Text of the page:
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Published 11:32 pm Friday, October 22, 2010

New home: Nancy Thrower and Brenda Thrower Jones stand outside the home built for Nancy and her husband John earlier this year.

Hobson homeowners have cause to celebrate

For 27 years, John and Nancy Thrower lived in a home with no bathroom, no heat, no air conditioning and no running water.

A homeless man once broke into their home thinking it was deserted.

But on Friday, the Throwers proudly put their new home on display and opened it to the community.

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The Throwers were one of four Hobson families who showed their new homes to community members and officials to celebrate the completion of the five houses that recently were rebuilt through the efforts of the Southeastern Rural Community Assistance Project.

“It’s awesome to see what has been provided to these families,” said Hope Cupit, chief executive officer of the organization. “It’s about giving back lives and dignity to people. It gives them pride in their property. It even brings equity and sustainability to them. It’s good to see how everything turned out.”

SRCAP is a nonprofit agency that focuses on bringing water and wastewater services, loans, grants and other assistance to rural, low-income families in the seven states it serves, including Virginia.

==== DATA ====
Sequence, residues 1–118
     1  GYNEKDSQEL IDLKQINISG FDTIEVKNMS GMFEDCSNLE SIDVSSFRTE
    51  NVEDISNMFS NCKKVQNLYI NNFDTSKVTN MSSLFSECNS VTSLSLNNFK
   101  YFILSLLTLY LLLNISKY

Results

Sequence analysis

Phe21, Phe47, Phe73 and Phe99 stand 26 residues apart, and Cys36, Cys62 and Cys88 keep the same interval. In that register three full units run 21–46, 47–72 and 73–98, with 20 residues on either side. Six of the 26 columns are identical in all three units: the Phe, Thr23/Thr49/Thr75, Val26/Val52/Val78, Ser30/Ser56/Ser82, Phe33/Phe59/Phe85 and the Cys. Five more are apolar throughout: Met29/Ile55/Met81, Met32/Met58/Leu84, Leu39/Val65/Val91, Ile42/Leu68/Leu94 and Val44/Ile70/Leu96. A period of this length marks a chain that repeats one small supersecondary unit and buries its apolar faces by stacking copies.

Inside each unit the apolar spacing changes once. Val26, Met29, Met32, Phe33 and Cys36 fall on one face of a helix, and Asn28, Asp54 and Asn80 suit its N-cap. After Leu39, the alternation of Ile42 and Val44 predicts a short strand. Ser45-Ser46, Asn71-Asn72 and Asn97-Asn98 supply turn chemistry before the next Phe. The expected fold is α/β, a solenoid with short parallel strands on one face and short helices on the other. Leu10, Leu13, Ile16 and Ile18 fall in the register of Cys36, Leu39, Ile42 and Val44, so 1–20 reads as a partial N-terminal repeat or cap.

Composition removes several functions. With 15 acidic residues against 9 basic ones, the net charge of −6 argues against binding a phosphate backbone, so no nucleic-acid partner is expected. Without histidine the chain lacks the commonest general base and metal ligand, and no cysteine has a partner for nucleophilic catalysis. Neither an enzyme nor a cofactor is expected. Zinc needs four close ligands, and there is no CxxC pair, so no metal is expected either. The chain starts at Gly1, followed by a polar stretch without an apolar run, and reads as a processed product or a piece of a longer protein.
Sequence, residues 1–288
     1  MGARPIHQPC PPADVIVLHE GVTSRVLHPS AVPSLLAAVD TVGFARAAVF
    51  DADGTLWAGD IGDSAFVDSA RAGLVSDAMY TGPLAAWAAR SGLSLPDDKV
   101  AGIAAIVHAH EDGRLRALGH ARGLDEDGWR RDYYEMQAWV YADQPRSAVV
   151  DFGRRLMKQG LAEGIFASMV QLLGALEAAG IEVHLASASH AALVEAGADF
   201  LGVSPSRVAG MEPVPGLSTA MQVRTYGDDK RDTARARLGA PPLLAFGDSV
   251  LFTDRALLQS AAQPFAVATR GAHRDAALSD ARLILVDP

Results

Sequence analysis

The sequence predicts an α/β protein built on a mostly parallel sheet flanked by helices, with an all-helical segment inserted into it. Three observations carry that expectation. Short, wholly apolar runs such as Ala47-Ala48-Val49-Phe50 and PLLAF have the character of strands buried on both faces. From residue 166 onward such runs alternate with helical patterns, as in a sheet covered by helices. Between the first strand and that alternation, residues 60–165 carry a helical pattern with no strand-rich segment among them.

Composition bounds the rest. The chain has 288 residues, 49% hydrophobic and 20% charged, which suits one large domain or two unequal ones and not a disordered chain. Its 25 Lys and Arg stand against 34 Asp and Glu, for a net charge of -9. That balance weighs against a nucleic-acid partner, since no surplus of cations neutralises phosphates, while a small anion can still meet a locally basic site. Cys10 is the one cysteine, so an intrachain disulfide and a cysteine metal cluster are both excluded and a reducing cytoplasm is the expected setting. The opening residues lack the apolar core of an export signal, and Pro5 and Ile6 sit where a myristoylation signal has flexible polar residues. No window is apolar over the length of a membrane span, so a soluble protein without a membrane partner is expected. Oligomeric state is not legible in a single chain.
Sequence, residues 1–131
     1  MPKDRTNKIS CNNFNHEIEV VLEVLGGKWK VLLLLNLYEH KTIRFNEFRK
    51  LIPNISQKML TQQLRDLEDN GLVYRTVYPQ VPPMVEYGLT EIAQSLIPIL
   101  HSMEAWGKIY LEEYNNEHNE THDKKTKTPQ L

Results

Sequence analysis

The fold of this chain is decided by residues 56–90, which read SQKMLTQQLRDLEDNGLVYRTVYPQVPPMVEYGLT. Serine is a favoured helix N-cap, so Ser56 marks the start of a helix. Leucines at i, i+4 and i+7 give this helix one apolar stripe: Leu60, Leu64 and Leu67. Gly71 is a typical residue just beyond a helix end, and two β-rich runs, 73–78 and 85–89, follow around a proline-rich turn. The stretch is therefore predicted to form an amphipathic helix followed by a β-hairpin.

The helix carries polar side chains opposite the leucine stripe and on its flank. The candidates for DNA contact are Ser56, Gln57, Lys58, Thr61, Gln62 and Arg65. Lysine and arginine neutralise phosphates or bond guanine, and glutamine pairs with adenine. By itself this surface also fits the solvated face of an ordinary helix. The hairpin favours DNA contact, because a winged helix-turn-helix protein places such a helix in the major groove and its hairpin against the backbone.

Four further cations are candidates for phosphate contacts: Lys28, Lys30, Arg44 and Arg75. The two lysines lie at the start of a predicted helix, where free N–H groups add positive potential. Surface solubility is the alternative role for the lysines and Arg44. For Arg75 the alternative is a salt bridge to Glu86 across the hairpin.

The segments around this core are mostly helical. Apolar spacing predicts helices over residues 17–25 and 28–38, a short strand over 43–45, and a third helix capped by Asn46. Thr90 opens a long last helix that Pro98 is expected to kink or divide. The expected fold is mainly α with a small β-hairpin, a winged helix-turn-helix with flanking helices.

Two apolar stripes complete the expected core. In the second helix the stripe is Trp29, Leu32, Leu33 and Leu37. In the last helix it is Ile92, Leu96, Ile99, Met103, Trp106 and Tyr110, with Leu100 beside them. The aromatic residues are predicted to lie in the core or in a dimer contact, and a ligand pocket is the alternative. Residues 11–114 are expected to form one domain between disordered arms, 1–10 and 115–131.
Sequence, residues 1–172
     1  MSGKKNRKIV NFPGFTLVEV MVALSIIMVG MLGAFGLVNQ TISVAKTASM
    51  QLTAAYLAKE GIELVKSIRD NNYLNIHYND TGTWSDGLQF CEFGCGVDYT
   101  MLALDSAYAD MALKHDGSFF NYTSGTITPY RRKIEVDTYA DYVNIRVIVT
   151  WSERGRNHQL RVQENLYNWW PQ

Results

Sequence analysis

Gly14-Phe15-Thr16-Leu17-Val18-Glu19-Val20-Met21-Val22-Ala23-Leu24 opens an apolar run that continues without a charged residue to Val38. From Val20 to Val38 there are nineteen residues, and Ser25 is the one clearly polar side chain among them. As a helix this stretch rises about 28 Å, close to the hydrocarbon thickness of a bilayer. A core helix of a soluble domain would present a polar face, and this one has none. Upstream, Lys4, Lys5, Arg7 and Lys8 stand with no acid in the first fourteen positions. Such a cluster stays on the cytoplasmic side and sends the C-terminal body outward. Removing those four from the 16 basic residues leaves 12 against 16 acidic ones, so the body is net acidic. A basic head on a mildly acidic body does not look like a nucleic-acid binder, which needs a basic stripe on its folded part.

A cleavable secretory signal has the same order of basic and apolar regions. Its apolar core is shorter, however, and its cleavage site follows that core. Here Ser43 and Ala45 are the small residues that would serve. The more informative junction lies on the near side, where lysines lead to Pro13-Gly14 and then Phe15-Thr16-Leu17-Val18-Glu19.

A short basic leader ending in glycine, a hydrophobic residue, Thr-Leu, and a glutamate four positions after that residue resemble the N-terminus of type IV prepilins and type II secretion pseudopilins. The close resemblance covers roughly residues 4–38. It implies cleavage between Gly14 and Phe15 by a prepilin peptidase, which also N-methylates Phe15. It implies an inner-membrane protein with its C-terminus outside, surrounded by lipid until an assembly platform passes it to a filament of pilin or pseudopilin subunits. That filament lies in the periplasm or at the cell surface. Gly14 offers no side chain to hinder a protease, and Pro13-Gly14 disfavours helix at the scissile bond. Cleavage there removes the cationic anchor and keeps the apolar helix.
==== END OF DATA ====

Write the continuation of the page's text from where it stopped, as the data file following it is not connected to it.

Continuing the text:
When SRCAP came to Hobson to install running water a few years ago, Thrower was one of 13 applicants for a program that would demolish and rebuild their homes.

“Our bathroom was so old, it fell through the floor,” Thrower said. “A lot of people don’t know that. It had been my wife’s mother’s home, and we came to help her. It was built in the 1930s and the house just was what it was.”

It’s now been a year and a half since the project has been underway.

The Throwers moved into their new home on April 28.

There were a few hold-ups in the process, but Thrower and the other families are just glad to have their homes and to be able to celebrate what they hope is a change of tide in the community.

“For me, this is an opportunity to get my wife out of these living conditions,” Thrower said. “This is a better way of life for us. People talk about how this is going to kill us financially, but it’s not. All I can say is that this whole project is a gift from God.”

Thrower added that this project is just the beginning of a new standard in Hobson.

His dream is for the community one day to have sidewalks and a playground.

“This is a prime example that if you look for it, there is help out there,” he said. “We can keep working to pull people together and work with the city. Hobson can look better than it’s been looking. This is just the beginning.”